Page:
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[Chron] Alston taking control, Street-ball star is handed Rockets' reins

Discussion in 'Houston Rockets: Game Action & Roster Moves' started by GRENDEL, Feb 14, 2006.

  1. GRENDEL

    GRENDEL Contributing Member

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    Alston taking control
    Street-ball star is handed Rockets' reins


    By JONATHAN FEIGEN
    Copyright 2006 Houston Chronicle

    Rafer Alston, long ago and in another life celebrated as the street-ball legend "Skip to My Lou," started the sort of drive move NBA point guards make every night, slicing into the lane, weaving around the Knicks' towering defenders.

    Then with a quick jab of sleight of hand, Alston was alone. He had yanked the ball back as if it was a yo-yo on a string to clear the Knicks out of his way before putting in a layup. Blink and you missed it.

    "Oh, baby!" guard David Wesley shouted, mimicking the screaming announcers in Alston's former life. "That was And1 Mix Tape stuff. The announcer, instead of saying 'Rafer Alston,' should have said, 'Oh, baby!' He should have ran into the stands, threw his jersey off."

    If Alston had that urge, he resisted it. If anything, that one slick flash of deception was out of character in what has become a tidy, efficient style. It's so tidy, Rockets coach Jeff Van Gundy handed Alston control of his offense in the hopes Alston could do everything from provide a jolt of fast-break scoring to help Tracy McGrady escape his shooting slump.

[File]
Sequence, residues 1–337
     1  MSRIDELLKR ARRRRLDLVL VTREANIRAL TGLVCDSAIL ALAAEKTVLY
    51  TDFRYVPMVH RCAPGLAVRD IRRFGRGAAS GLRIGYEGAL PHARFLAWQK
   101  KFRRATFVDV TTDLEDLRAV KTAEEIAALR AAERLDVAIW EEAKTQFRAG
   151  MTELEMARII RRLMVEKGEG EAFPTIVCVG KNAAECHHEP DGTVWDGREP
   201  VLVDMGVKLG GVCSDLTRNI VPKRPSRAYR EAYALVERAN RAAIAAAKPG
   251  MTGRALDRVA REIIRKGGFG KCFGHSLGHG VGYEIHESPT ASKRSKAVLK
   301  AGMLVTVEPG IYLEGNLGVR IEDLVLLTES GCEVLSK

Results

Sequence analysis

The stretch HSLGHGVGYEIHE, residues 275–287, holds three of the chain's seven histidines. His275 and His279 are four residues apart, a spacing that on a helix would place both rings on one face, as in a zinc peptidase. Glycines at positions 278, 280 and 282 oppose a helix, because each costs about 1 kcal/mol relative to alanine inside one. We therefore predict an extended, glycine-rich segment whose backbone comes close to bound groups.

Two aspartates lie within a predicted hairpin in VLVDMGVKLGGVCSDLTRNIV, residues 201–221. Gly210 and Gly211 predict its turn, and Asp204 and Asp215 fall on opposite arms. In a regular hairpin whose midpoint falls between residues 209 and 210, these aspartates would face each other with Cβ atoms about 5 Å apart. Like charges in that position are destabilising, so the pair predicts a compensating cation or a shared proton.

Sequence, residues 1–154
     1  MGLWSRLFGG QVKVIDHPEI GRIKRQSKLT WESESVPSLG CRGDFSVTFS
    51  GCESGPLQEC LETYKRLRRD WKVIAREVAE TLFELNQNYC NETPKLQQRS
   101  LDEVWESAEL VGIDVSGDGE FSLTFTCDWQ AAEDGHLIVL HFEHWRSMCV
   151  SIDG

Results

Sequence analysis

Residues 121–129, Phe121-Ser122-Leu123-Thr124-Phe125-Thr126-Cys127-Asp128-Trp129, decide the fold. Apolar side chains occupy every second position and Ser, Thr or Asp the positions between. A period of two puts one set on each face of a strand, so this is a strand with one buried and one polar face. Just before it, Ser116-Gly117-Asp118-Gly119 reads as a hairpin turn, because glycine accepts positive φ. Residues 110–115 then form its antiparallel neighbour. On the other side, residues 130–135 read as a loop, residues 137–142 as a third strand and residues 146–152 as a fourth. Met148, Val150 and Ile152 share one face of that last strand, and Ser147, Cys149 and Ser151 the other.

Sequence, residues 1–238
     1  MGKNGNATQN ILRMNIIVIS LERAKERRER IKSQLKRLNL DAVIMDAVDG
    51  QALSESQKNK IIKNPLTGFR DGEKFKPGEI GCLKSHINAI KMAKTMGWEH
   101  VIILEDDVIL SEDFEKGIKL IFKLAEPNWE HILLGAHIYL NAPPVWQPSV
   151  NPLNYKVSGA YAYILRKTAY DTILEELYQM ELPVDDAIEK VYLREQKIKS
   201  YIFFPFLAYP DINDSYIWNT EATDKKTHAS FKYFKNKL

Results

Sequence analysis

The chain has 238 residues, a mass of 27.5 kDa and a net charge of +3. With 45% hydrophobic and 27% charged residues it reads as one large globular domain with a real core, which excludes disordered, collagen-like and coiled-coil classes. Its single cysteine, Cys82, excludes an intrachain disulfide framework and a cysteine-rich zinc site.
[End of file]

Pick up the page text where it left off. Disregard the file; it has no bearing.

The Rockets' offense for much of the season has needed something, and it certainly missed the touch of a point guard when Alston was out with a hairline fracture in his left leg. But it is a safe assumption Van Gundy would not have handed him the keys if Alston were racing out of control in a street-ball show.


    'Low-turnover guy'

    "If you watch him, he's anything but that type of player," Van Gundy said. "That's how everybody wants to make him out to be. He's a low-turnover guy. He's sound. And yet, people still want to label him as that kind of guy. Maybe he can do that stuff. But he doesn't play like 'the Professor' out there."

    So with Alston pressing the accelerator, Van Gundy has ordered the Rockets to get moving. Averaging just 6.5 fast breaks per game, the second fewest in the NBA, the Rockets have averaged 11.9 in the past eight games, getting at least 15 points on the break in half of those games.

    Alston has averaged 8.4 assists per game in February and 6.4 overall with just 2.1 turnovers per game.

    "Rafer's greatest strength would be that," Van Gundy said. "We want to take advantage of that. To do it, we have to have guys willing to run, and when they do run, reward them.

    "If you want to run, you have to be able to get stops, get rebounds, have a point guard who advances it and has good decision-making capabilities, wings who are willing to get ahead of the ball and a big man willing to get ahead of the ball. You have to get a 4-on-3. That's not been our greatest strength."


    Speed's the cure

    The Rockets' greatest offensive strengths, Yao Ming and McGrady, are half-court players. The Rockets hoped that some fast-break offense would augment their top scorers.